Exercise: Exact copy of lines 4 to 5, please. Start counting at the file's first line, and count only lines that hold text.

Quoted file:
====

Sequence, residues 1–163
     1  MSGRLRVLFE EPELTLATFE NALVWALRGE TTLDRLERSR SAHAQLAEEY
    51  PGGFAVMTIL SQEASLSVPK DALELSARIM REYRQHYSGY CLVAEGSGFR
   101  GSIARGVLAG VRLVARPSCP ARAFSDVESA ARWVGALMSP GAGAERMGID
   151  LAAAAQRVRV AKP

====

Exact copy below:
   101  GSIARGVLAG VRLVARPSCP ARAFSDVESA ARWVGALMSP GAGAERMGID
   151  LAAAAQRVRV AKP